Those of us in Europe and the US have a real fascination with fancy soap. Companies like Lush have been taking the world by storm with their “all-natural” cleansing products. Being “natural” is what is in.
Well, turns out that this fact isn’t lost on Yasmeen H. Nsiah who realized a niche that needed to be filled in Ghana and possibly elsewhere in Africa. When I met her here at Maker Faire Africa, my initial questions were mostly about the local market because as silly as it may sound, when I started to think about it, I had no idea what Ghanaians bathing trends were. According to Yasmeen, most people buy rather cheap, heavily processed soaps that are usually Chinese-made. While they work for the most part, they aren’t the best for the skin or body overall. They are however quite cheap, running about $0.12-0.20 USD a bar.
Yasmeen (as well as others) has seen a need. People need better soap. Ghana has no end of natural, perfect ingredients such as shea oil and coconut oil to make soaps that, outside of Ghana, can cost upwards of $50 a kilogram. By being able to make use of them where they are actually produced takes advantage of the much lower cost of the raw materials which then translates in to creating a soap that while much more expensive at about $2.50 USD per bar, is a much higher level of product that is actually beneficial to the user.
Given how much more expensive Yasmeen’s soap are, one has to ask, is there a market for this? She says yes. People in Ghana appreciate the higher quality of the soaps. There is however an uphill battle in perception that will require a marketing campaign which includes helping people to make their own soap in order to understand the difference in product. She has even set up a shop in Accra where people can purchase supplies for soap making. It’s not something that people can do overnight though as each bar she creates takes three weeks to cure in the natural process that is devoid chemical additives or modifiers.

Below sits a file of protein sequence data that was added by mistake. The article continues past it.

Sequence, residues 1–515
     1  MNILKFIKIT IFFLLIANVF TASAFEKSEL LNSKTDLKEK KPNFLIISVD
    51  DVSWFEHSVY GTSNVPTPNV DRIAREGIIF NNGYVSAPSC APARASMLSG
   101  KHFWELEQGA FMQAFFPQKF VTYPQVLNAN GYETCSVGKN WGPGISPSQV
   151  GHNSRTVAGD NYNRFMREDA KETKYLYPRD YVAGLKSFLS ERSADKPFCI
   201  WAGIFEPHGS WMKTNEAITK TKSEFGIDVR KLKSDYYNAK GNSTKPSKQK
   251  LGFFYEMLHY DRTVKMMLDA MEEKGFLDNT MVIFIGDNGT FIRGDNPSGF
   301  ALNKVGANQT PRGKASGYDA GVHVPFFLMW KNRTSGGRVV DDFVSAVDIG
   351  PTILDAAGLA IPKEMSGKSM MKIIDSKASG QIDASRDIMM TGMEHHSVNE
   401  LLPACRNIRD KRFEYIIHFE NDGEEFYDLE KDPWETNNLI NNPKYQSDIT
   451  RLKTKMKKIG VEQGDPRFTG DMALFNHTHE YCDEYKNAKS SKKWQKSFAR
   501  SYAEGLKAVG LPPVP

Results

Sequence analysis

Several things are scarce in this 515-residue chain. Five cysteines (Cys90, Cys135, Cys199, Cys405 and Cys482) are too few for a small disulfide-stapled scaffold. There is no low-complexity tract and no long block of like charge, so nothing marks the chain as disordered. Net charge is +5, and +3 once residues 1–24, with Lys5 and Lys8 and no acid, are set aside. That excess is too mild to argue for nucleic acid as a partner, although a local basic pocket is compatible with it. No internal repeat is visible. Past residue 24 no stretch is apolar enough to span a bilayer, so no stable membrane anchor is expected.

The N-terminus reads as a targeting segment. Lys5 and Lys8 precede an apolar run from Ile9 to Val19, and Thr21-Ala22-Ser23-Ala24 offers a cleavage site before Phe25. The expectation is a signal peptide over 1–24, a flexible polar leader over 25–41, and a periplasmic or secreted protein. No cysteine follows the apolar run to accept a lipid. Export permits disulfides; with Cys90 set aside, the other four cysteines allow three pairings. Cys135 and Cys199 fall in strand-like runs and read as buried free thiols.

She has even bigger plans than Ghana-wide soap domination. She wants to work with women in villages where all these ingredients grow locally to have them produce the soap which she can then resell for them in larger markets such as Accra. This is so incredible cool because initiatives like this are more often than not started by foreigners who come in with the idea that they’re going to help people out by basically working in a bubble and having no idea what the local supply and demand is. But, with a Ghanaian actually doing this and striving to work within the local markets is just fantastic, not to mention the fact she isn’t do this with backing from some Ford or MacArthur grant. She is doing it on her own.
Oh yeah, as to how are the soaps? I bought three bars and I recommend anyone else at Maker Faire Africa to stop by for a look. The cocoa butter and coconut oil one is especially great and I’m having to stop myself from taking a bite out of it.
Just a little Twitter update on the soaps. Apparently my source for most soaps was off as Yasmeen corrected in this tweet
Makers: Yasmeen's Soaps